A sudden jolt of sadness
November 8, 2008 § 4 Comments
I work at a cancer hospital, and I’ve lost family members to cancer. On a usual workday this is not something I think about a lot, except that it adds an extra dimension to the work I’m doing. But sometimes, little things and moments can suddenly make me sad.
In 2005 my girlfriend’s little sister died at age 17, after fighting acute lymphoblastic leukemia for three years. Following her into battle during those years has stored a lot of images in me that’s related to her fight. I guess it’s the same for most other relatives of cancer patients.
The most common visual trait associated with cancer patients is the loss of hair, a side-effect of some chemotherapy drugs. Some patients, mostly male, tackle this by shaving their head, but most start wearing some sort of head cover. It seems to me a lot of younger patients tend to choose a scarf or a cap. Older women often choose to wear a wig. The little sister sometimes wore a wig, but used a scarf most of the time.
It’s mostly when I walk from one place to another in the hospital, not focusing on work, that I get these jolts of sadness. It can be that I turn a corner and face a young patient with a scarf, her face round from steroid treatment, pushing an IV stand. This week something happened that wasn’t as direct an association as this.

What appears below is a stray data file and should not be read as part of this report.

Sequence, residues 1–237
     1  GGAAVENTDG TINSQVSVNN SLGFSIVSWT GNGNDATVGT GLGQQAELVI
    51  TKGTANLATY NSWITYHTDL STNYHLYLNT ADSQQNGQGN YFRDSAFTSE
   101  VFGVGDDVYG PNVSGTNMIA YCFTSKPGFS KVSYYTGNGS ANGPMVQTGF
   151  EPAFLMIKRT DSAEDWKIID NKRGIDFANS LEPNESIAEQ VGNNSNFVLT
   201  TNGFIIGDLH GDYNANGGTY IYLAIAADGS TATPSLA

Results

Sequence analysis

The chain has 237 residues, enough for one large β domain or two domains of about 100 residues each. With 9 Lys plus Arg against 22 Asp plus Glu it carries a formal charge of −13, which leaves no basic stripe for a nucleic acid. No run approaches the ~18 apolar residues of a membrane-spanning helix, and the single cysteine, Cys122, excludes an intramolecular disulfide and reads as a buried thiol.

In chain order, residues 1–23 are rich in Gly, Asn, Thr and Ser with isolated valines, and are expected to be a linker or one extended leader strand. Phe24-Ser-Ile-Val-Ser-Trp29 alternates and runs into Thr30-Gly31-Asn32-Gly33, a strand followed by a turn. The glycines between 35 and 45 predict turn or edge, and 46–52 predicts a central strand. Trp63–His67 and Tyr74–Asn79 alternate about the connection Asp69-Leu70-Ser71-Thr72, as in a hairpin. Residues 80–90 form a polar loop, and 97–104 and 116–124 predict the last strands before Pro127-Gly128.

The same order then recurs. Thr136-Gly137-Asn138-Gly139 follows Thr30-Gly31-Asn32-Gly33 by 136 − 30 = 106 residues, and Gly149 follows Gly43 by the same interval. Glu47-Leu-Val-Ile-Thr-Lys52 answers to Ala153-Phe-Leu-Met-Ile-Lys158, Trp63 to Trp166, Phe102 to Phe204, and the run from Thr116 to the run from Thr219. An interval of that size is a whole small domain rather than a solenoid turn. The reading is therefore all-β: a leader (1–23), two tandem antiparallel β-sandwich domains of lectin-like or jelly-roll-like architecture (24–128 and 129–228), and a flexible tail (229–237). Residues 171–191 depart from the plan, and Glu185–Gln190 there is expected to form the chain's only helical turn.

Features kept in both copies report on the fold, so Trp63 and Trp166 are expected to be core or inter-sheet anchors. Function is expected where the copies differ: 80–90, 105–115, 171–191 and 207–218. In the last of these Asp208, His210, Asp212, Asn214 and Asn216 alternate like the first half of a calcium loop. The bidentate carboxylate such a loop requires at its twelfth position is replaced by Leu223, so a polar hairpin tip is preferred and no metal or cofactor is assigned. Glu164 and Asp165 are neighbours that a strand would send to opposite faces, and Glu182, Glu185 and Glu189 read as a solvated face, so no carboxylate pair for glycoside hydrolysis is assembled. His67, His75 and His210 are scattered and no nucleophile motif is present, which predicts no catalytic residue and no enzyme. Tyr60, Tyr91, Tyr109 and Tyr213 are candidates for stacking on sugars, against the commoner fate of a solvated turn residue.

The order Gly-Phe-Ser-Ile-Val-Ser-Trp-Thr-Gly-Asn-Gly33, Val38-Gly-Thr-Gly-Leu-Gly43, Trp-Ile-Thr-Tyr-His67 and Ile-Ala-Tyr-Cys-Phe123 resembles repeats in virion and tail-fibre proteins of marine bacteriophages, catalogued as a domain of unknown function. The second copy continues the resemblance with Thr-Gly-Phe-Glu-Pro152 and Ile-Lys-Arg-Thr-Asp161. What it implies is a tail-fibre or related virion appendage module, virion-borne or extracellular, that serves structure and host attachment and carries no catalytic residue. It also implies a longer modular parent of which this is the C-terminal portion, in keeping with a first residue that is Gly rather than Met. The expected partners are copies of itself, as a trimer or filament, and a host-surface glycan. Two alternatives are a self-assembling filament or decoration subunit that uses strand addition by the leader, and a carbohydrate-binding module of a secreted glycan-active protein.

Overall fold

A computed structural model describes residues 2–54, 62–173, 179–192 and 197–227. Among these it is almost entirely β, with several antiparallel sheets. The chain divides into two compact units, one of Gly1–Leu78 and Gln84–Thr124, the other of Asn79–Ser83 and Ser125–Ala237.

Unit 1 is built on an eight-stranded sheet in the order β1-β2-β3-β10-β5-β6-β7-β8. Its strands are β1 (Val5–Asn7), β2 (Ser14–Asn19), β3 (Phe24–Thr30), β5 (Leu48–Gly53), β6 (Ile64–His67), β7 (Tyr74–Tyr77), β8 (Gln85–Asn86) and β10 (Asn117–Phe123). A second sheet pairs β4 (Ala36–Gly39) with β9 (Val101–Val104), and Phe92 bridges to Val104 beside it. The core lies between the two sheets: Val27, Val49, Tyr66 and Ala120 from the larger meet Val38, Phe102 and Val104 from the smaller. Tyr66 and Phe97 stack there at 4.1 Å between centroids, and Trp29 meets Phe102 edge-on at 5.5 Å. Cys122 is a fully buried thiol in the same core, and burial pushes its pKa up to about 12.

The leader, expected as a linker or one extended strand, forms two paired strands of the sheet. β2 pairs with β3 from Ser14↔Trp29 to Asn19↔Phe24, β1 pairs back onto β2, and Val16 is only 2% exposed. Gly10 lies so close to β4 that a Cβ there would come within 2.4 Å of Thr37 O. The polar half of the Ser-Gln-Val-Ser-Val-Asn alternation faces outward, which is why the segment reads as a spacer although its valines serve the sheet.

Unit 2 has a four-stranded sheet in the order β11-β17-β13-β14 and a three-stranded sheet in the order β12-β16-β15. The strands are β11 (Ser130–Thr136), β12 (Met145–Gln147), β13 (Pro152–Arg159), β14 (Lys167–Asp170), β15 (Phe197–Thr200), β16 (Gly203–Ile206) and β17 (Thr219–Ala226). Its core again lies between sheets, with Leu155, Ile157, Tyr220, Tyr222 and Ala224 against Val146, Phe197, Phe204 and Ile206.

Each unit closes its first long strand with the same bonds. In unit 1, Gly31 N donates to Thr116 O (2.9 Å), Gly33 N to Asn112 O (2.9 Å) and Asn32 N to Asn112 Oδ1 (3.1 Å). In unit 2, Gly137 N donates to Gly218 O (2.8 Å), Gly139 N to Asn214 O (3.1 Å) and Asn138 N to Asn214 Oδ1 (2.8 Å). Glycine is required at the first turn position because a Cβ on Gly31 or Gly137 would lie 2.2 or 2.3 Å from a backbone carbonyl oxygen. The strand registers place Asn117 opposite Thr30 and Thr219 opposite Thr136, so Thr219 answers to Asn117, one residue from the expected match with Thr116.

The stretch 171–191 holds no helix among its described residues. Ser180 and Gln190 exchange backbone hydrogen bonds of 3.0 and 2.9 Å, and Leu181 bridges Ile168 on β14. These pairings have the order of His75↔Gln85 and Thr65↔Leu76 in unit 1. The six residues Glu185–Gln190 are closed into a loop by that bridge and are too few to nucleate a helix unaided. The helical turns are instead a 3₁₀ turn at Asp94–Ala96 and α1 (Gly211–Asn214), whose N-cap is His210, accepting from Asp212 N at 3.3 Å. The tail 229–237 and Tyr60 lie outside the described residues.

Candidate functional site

Walking back to my office from the canteen, I saw an elderly couple sitting at the end of the long corridor. As I came closer they rose from the chairs to leave, and I could see the woman was wearing a wig. I don’t know if they were going to see the doctor or leave the hospital, but as I passed them the woman adjusted her wig just slightly, looking at her husband to be her mirror. He nodded and they left.
Just a few seconds, but to me it said everything about the horror and turmoil a cancer diagnosis sends into a normal life. The need to stay normal and the longing to lead a normal life again. And how important family members are when the lightning strikes.
I returned to my office, ate my lunch and started to edit a video of a radical prostatectomy.
Beautiful post, as always. Cheers.
Thank you for re-establishing my faith that there are doctors out there who care and notice things about the patient. I know it is unfair, but sometimes in the crazy world of medicine, it feels like you aren’t even a person, let alone a patient, just another number or face. You showed that this isn’t true, and I have to be more open to the fact that my doctors too, are human, and doing the best they can.
Thank you, both!
Maureen: I’m a medical photographer, not a doctor, but I certainly hope and believe there are doctor’s out there who, like me, can take a step back from their work and see their patients as fellow human beings.
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